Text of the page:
Their tariffs are difficult to evaluate: they varied significantly. The average charge for a prostitute in 5th and 4th century ranged from three obols to a drachma.[9] Expensive prostitutes could charge a stater (four drachmas),[10] or more, like the Corinthian Lais in her prime did.[11] In the 1st century BC, the Epicurean philosopher Philodemus of Gadara, cited in the Palatine anthology, V 126, mentions a system of subscription of up to five drachma for a dozen visits. In the 2nd century, Lucian in his Dialogue of the Hetaera has the prostitute Ampelis consider five drachma per visit as a mediocre price (8, 3). In the same text a young virgin can demand a Mina, that is 100 drachma (7,3), or even two minas if the customer is less than appetizing. A young and pretty prostitute could charge a higher price than her in-decline colleague; even if, as iconography on ceramics demonstrates, a specific market existed for older women. The price would change if the client demanded exclusivity. Intermediate arrangements also existed; a group of friends could purchase exclusivity, with each having part-time rights.

Musicians and dancers working at male banquets can also undoubtedly be placed in this category. Aristotle, in his Constitution of the Athenians (L, 2) mentions among the specific directions to the ten city controllers (five from within the city and five from the Piraeus), the ἀστυνόμοι astynomoi, that "it is they who supervise the flute-girls and harp-girls and lyre-girls to prevent their receiving fees of more than two drachmas"[12] per night. Sexual services were clearly part of the contract,[13] though the price, in spite of the efforts of the astynomi, tended to increase throughout the period.


Mirror Cover with Eros and erotic scene (symplegma) Originally from Corinth
Mirror Cover with Eros and erotic scene originally from Corinth

More expensive and exclusive prostitutes were known as hetaerae, which means "companion". Hetaerae, unlike pornai, engaged in long-term relationships with individual clients, and provided companionship as well as sex.[14] Unlike pornai, hetaerae seem to have been paid for their company over a period of time, rather than for each individual sex act.[15] Hetaerae were often educated,[16] and free hetaerae were able to control their own finances.[17]

Temple prostitution in Corinth

Around the year 2 BC, Strabo (VIII,6,20) in his geographic/historical description of the town of Corinth wrote some remarks concerning female temple servants in the temple of Aphrodite in Corinth, which perhaps should be dated somewhere in the period 700–400 BC:[18]

The temple of Aphrodite was so rich that it employed more than a thousand hetairas,[19] whom both men and women had given to the goddess. Many people visited the town on account of them, and thus these hetairas contributed to the riches of the town: for the ship captains frivolously spent their money there, hence the saying: 'The voyage to Corinth is not for every man'. (The story goes of a hetaira being reproached by a woman for not loving her job and not touching wool,[20] and answering her: 'However you may behold me, yet in this short time I have already taken down three pieces'.[21])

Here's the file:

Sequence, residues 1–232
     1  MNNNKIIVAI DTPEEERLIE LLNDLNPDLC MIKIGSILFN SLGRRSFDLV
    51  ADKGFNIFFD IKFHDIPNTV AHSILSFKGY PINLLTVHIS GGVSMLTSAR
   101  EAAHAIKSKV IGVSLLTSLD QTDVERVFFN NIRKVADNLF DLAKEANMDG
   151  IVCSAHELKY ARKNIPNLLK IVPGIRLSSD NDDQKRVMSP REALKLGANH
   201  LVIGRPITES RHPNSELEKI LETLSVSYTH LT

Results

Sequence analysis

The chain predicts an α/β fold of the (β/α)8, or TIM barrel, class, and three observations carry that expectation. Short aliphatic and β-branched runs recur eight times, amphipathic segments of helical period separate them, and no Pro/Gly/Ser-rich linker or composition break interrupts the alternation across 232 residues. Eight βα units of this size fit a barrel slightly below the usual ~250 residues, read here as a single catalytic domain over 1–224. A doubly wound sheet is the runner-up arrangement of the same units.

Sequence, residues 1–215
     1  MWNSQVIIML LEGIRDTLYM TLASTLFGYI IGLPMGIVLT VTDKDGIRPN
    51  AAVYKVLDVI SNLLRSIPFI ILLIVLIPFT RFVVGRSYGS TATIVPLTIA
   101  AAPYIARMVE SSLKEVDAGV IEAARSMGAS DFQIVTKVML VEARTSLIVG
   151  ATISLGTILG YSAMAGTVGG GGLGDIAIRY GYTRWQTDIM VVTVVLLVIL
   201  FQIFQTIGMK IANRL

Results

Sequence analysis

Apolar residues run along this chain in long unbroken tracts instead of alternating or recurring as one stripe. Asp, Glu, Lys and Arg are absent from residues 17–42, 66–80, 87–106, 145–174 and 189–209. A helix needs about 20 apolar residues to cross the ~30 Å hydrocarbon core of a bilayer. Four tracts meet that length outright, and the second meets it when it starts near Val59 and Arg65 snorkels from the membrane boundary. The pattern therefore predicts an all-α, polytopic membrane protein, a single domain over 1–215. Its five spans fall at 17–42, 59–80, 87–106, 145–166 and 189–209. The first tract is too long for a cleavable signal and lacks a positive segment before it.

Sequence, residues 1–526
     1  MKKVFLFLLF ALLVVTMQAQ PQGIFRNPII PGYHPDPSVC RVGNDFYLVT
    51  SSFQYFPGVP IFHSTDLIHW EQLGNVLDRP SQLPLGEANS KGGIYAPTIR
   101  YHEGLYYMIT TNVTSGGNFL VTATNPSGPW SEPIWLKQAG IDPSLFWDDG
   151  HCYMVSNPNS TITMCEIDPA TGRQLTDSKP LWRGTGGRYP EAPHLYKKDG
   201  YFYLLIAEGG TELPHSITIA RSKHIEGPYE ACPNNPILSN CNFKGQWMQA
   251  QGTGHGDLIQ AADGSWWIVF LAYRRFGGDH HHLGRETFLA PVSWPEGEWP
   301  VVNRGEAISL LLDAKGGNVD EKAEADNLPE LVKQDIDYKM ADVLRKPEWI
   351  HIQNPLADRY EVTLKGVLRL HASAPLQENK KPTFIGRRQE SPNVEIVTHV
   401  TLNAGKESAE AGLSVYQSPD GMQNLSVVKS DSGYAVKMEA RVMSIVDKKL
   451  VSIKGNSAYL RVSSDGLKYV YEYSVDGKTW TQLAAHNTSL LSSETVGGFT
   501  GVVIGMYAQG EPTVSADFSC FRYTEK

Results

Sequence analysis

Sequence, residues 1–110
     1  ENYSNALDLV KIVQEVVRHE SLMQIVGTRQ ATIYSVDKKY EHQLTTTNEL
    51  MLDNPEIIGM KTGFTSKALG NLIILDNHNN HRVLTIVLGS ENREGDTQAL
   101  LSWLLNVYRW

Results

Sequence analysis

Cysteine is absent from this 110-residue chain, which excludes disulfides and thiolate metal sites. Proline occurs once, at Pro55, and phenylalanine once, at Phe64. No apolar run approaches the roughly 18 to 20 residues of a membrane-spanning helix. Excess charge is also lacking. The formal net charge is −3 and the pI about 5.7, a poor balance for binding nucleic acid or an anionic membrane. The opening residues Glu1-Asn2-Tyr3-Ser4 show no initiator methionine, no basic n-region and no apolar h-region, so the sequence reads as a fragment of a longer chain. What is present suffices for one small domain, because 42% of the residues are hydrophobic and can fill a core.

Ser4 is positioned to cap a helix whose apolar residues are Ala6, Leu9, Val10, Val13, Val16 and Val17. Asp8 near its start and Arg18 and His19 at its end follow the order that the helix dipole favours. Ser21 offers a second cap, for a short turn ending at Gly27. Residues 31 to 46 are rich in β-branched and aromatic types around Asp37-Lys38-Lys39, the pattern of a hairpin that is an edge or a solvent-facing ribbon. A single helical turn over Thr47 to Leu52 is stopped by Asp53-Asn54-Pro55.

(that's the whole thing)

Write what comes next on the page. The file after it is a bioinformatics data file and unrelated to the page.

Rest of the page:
The text in more than one way hints at the sexual business of those women. Remarks elsewhere of Strabo (XII,3,36: "women earning money with their bodies") as well as Athenaeus (XIII,574: "in the lovely beds picking the fruits of the mildest bloom") concerning this temple describe this character even more graphically.

In 464 BC, a man named Xenophon, a citizen of Corinth who was an acclaimed runner and winner of pentathlon at the Olympic Games, dedicated one hundred young girls to the temple of the goddess as a sign of thanksgiving. We know this because of a hymn which Pindar was commissioned to write (fragment 122 Snell), celebrating "the very welcoming girls, servants of Peïtho and luxurious Corinth".[22]


In archaic and classical Sparta, Plutarch claims that there were no prostitutes due to the lack of precious metals and money, and the strict moral regime introduced by Lycurgus.[23] A 6th century vase from Laconia, which shows a mixed-gender group at what appears to be a symposium,[24] might be interpreted as depicting a hetaira, contradicting Plutarch.[25] However, Sarah Pomeroy argues that the banquet depicted is religious, rather than secular, in nature, and that the woman depicted is not therefore a prostitute.[25]

As precious metals increasingly became available to Spartan citizens, it became easier to access prostitutes. In 397, a prostitute at the perioicic village of Aulon was accused of corrupting Spartan men who went there. By the Hellenistic period, there were reputedly sculptures in Sparta dedicated by a hetaera called Cottina.[23] A brothel named after Cottina also seems to have existed in Sparta, near to the temple of Dionysus by Taygetus, at least by the Hellenistic period.[26]

Social conditions

Old drunkard Glyptothek Munich 437 n1
Ancient statue of a drunken old woman holding a jug of wine, 2nd century BC, Munich Glyptothek.

The social conditions of prostitutes are difficult to evaluate; as women, they were already marginalized in Greek society. We know of no direct evidence of either their lives or the brothels in which they worked. It is likely that the Greek brothels were similar to those of Rome, described by numerous authors and preserved at Pompeii; dark, narrow, and malodorous places. One of the many slang terms for prostitutes was khamaitypếs (χαμαιτυπής) 'one who hits the ground', suggesting to some literal-minded commentators that their activities took place in the dirt or possibly on all fours from behind. Given the Ancient Greeks' propensity for poetic thinking, it seems just as likely that this term also suggested that there is 'nothing lower', rather than that a significant proportion of prostitutes were reduced to plying their trade in the mud.